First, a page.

Rapid imaging protocols such as the Echo Planar (EPI) method minimise the data acquisition time required for each image in the sequence, but a time-efficient protocol must nevertheless minimise the number of images to be acquired. The Bayesian spectral analysis of Bretthorst (1988, 1991), although currently applied mainly to spectroscopic data containing several thousand data points, permits also the routine analysis, for period and attenuation parameters, of noisy, heavily truncated, non-uniformly and sparsely sampled data. Bayesian error intervals are also available.
We demonstrate (Xing et al., 1994) a non-uniform sampling strategy that requires only four images (four complex data points per pixel) to obtain velocity and diffusion images for laminar liquid flow in a cylindrical pipe. The Bayesian error intervals demonstrate the significance of small departures, arising from flow tube imperfections and other non-ideal flow conditions, from the ideal Poiseuille profile of flow velocity. Using both EPI and the Bayesian analysis of motion-encoding, total experimental time is reduced from several hours to a few seconds, the new data analysis being responsible for a factor of 4.5.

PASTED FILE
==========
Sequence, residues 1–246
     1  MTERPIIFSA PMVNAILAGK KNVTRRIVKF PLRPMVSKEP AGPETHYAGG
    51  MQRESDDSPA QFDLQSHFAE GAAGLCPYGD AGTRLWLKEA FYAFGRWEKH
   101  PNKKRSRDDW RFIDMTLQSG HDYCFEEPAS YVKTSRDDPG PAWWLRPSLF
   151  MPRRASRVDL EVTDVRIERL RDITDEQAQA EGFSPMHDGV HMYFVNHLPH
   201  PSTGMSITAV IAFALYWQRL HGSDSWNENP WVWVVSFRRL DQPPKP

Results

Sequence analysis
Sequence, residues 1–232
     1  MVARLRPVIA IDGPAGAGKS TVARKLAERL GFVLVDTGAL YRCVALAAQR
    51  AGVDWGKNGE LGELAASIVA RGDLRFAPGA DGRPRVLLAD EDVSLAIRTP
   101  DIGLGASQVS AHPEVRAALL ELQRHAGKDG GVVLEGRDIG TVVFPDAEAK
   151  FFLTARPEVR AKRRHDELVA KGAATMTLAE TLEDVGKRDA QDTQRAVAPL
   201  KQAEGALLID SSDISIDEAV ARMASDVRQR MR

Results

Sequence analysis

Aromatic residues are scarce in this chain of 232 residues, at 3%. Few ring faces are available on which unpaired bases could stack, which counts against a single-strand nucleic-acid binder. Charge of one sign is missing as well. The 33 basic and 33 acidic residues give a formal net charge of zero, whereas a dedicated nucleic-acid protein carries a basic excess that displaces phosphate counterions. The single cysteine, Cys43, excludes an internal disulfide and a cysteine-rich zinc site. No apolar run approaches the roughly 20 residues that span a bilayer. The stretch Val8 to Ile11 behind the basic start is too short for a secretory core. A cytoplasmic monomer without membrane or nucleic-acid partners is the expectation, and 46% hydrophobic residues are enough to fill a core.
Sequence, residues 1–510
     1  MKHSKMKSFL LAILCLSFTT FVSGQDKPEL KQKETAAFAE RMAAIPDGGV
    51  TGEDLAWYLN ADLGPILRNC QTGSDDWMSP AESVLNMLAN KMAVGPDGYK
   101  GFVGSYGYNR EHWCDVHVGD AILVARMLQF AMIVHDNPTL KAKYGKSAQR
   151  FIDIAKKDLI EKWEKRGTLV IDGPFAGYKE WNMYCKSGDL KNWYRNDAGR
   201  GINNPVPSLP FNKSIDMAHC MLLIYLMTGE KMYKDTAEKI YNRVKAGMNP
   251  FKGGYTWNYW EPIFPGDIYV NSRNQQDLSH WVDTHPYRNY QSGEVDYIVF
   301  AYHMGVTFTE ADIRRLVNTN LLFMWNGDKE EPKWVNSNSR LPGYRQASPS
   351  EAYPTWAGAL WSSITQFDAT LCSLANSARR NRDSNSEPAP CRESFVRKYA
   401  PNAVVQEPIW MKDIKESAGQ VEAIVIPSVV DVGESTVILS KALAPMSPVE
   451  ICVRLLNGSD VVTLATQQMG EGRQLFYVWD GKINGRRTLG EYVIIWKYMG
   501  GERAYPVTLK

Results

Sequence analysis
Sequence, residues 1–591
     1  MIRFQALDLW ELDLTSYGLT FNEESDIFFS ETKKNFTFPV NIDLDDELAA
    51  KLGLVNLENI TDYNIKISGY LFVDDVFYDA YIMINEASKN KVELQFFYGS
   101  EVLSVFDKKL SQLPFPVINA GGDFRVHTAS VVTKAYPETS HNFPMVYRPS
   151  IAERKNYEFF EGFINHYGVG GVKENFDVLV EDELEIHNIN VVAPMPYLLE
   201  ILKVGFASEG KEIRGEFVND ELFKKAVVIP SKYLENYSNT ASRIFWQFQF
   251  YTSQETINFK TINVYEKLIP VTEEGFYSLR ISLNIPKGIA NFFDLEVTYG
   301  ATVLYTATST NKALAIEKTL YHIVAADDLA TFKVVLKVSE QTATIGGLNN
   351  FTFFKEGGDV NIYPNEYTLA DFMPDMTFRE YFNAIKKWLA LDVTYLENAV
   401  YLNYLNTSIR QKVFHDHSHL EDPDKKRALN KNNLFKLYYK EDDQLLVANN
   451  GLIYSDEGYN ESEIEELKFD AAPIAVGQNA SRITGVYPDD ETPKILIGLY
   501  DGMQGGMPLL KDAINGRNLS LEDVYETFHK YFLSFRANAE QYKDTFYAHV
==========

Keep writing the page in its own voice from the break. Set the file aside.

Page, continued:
We also demonstrate these techniques on steady non-Newtonian flow (of a 1% solution of Xanthan gum) in a straight cylindrical pipe; and finally (Derbyshire et al. 1994) on a 3-dimensional flow of water in an object of complex geometry.
G.L. Bretthorst (1988) Bayesian Spectrum Analysis and Parameter Estimation,Lecture Notes in Statistics, 48, Springer-Verlag, New York.
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D. Xing, S.J. Gibbs, J.A. Derbyshire, E.J. Fordham, T.A. Carpenter & L.D. Hall (1994) J. Magn. Reson., in press.
J.A. Derbyshire, S.J. Gibbs, T.A. Carpenter & L.D. Hall (1994) A.I.Ch.E. Jnl., in press.